Conserving Critically Endangered Hawksbill Turtles, Nicaragua

Timeframe: 2020 – 2023
Country/Region: Nicaragua
Partner: Fauna & Flora

Nicaragua’s varied and beautiful landscapes include tropical rainforest, lakes, volcanoes and spectacular marine environments all of which are home to an incredible diversity of wildlife. The country’s Pacific coast extends over 400km with a marine ecosystem that is recognized as one of the most important sea turtle habitats in the Americas. Its beaches provide crucial nesting habitat for hawksbill, leatherback and olive ridley turtles.

The hawksbill turtle is Critically Endangered and among the most threatened of the world’s seven marine turtle species. Illegal harvesting, trade of turtle eggs and bycatch from fishing are a primary threat; pollution, coastal development, and climate change also threaten their future, and conservation efforts are hampered by a lack of law enforcement.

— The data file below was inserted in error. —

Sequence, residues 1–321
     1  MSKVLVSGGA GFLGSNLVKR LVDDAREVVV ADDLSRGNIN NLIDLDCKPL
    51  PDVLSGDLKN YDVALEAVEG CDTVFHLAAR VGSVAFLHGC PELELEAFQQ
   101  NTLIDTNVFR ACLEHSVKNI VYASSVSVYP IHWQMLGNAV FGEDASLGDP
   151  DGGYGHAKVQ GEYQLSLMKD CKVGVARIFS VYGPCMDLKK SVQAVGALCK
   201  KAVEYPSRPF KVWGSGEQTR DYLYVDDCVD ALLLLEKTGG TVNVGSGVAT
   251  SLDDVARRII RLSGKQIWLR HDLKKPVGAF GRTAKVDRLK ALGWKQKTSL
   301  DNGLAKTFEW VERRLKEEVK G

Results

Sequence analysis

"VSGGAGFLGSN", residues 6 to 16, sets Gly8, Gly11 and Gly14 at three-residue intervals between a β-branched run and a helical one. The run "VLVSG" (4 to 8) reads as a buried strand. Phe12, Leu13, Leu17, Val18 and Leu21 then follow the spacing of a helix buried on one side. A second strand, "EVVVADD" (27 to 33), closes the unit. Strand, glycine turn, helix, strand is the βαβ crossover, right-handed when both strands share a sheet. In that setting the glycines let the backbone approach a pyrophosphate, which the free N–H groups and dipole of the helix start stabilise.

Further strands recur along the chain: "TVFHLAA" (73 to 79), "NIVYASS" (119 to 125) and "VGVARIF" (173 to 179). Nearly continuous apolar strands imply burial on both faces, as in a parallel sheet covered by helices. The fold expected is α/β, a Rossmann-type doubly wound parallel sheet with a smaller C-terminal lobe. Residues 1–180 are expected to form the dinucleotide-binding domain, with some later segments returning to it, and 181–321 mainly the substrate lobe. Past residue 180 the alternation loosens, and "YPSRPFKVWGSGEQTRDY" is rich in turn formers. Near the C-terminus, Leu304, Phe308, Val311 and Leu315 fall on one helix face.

The project implemented by Fauna & Flora focuses on the conservation of hawksbills in the eastern Pacific Ocean, a region with a once abundant population, now estimated to be home to only 700 nesting females. Fauna & Flora’s long-term goal is for the population of hawksbill turtles in these waters to reach 2’000 breeding females within 30 years, by maximising hatchling release and minimising bycatch. Over the next 10 years, they aim to stabilise the population at, or above, the current level of 700 breeding adult females, while released hatchlings are growing to maturity.

To achieve this, Fauna & Flora will carry out their activities at the most important nesting and foraging sites in northern Nicaragua, which support over 50% of the known population of hawksbills in the eastern Pacific. The project’s specific objectives are the following:

  • Maximise hawksbill nesting and hatching success at the Estero Padre Ramos and Aserradores sites, by maintaining high levels of protection and monitoring across 16.5km of priority nesting beach throughout the hawksbill nesting season; and
  • Reduce bycatch of hawksbills in key foraging grounds in northern Nicaragua, working with artisanal gillnet and longline fishers at four priority sites to reduce harmful turtle interactions.